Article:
A Guide To The Terms Of Use For Your Website

You’ve noticed them way down at the bottom of a webpage, stuffed somewhere between “About Us” and “All rights reserved”. You’ve probably ignored them on most, if not all, of the web pages you have visited in your time because, hey, that’s just boring lawyer stuff, right?

Although many of us will find the terms of use a bit drab, they are a necessary part of your website. Website operators must be legally protected, and terms of use are just the ticket for this. Here are a few tips to get your terms of use off to a great start.
First things first: if you’re not a lawyer, you should consult one. You wouldn’t ask your local baker to manage your website, just as your local baker wouldn’t ask you to bake him or her a dozen cupcakes for a birthday party. Lawyers are experts on the law, and by using trusted counsel you will make sure your website’s terms of use keep you legally protected.
There are resources online that offer a free, generic terms of use to the public. While these are a great starting point, they are by no means exhaustive. Just as each business is different, so must be the terms of use. Cater your terms of use to the intricacies of your individual business.
Make sure your terms of use are written in an easy-to-understand and friendly tone. Even though many people will skip over them, those who do read them will be reading them for a reason. If you write in language that is thick with legalese and long, multisyllabic words, customers – both current and potential – may be intimidated by the type of language and be less likely to purchase from you. But if your terms of use are written in a clear, simple, and friendly manner, it will ensure that anyone reading them knows exactly what is being said; and who knows, those people might even be easier to work with should legal action need to be taken.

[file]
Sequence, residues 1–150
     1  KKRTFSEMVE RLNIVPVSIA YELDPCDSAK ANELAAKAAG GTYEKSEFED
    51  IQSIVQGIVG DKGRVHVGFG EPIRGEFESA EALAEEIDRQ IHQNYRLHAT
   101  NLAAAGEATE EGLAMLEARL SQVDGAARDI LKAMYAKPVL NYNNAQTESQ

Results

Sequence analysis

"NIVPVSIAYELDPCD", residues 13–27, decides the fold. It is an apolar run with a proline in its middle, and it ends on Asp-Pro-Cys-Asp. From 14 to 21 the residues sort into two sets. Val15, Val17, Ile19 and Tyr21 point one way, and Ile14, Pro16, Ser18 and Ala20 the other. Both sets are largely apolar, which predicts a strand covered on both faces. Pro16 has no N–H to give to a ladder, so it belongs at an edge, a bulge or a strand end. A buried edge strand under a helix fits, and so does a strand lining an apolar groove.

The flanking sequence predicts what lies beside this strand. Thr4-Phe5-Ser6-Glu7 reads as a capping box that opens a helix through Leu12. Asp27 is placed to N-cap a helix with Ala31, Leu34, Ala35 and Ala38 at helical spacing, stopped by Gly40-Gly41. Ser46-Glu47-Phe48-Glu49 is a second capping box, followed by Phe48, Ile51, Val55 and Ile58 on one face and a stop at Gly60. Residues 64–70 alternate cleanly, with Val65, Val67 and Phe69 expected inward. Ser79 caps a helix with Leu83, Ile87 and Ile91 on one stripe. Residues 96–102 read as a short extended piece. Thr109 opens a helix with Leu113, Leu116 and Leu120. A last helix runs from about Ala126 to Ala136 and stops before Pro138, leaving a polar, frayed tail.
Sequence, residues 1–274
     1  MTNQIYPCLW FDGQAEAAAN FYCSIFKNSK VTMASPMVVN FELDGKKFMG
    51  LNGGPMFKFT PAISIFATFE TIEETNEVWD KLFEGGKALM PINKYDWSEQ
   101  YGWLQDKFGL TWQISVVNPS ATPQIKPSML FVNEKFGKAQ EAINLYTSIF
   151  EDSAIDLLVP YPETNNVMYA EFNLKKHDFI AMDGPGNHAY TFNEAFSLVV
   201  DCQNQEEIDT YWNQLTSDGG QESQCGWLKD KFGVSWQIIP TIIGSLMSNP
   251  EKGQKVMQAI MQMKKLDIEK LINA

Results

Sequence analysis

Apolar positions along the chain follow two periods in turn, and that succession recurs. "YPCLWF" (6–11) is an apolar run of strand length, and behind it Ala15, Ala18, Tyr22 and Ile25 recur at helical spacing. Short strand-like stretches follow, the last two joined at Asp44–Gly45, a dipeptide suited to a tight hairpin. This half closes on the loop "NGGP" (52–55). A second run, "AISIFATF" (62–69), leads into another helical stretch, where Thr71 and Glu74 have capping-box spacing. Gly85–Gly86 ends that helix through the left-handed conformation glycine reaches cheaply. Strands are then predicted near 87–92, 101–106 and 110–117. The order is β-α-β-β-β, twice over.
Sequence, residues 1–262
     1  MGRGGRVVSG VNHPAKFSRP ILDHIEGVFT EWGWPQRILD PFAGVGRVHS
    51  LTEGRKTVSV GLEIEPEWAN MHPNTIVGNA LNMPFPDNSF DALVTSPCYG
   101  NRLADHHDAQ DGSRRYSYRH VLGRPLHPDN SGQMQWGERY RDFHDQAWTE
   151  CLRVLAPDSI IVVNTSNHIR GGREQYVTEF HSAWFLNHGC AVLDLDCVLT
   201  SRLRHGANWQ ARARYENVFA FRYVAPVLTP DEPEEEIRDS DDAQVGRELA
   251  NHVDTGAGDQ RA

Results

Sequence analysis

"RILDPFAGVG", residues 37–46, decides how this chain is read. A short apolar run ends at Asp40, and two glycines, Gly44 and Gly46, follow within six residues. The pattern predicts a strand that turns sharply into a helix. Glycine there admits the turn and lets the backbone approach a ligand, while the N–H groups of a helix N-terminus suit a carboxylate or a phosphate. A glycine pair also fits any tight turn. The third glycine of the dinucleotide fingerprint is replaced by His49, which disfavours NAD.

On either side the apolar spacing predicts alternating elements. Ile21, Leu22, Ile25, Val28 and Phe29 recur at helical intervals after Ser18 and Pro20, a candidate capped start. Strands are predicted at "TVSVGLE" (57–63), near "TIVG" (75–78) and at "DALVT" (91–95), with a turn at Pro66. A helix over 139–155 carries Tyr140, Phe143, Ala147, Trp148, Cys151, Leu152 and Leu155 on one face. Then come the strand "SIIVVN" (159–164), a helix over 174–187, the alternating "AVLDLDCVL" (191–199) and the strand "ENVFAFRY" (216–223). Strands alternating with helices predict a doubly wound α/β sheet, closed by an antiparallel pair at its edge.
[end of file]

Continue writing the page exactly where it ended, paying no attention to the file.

There are a few important topics you want to make sure are covered by your terms of use. First, you should inform the user very early on that your by using your website he or she agrees to adhere and be bound by your terms of use. Without this, your terms of use are all but obsolete – this needs to be crystal clear.
Although it may seem counterintuitive, you must also remove any responsibility from yourself for the information presented on your website. Sure, you stand behind your company 100%, but even though information may be accurate now, it could end up being inaccurate at some point in the future, and that information could get overlooked when editing your website content, meaning that without this part, you’d be legally liable. Users need to be aware that not all the information on your website may be completely accurate all of the time.
Make sure your intellectual property is protected. Copyright infringement is a big consideration, so your terms of use should make it clear where you stand on proprietary data. You’ll also want to play the other side of the coin and make it easy for a user to get in touch if they feel a copyright has been infringed upon.
Finally, it’s never been more important to make your users’ data secure. Security hacks happen every day, so inform your clients exactly how their information is used, as well as protect your company from liability should the data be stolen via hacking or otherwise. Hacking is far too common these days, and we must do our best to protect both our clients and ourselves should it happen to us.
There you have it, a great starting point to begin forming your company’s terms and conditions. Protect yourself and you’ll be surfing the web as cool as a cucumber.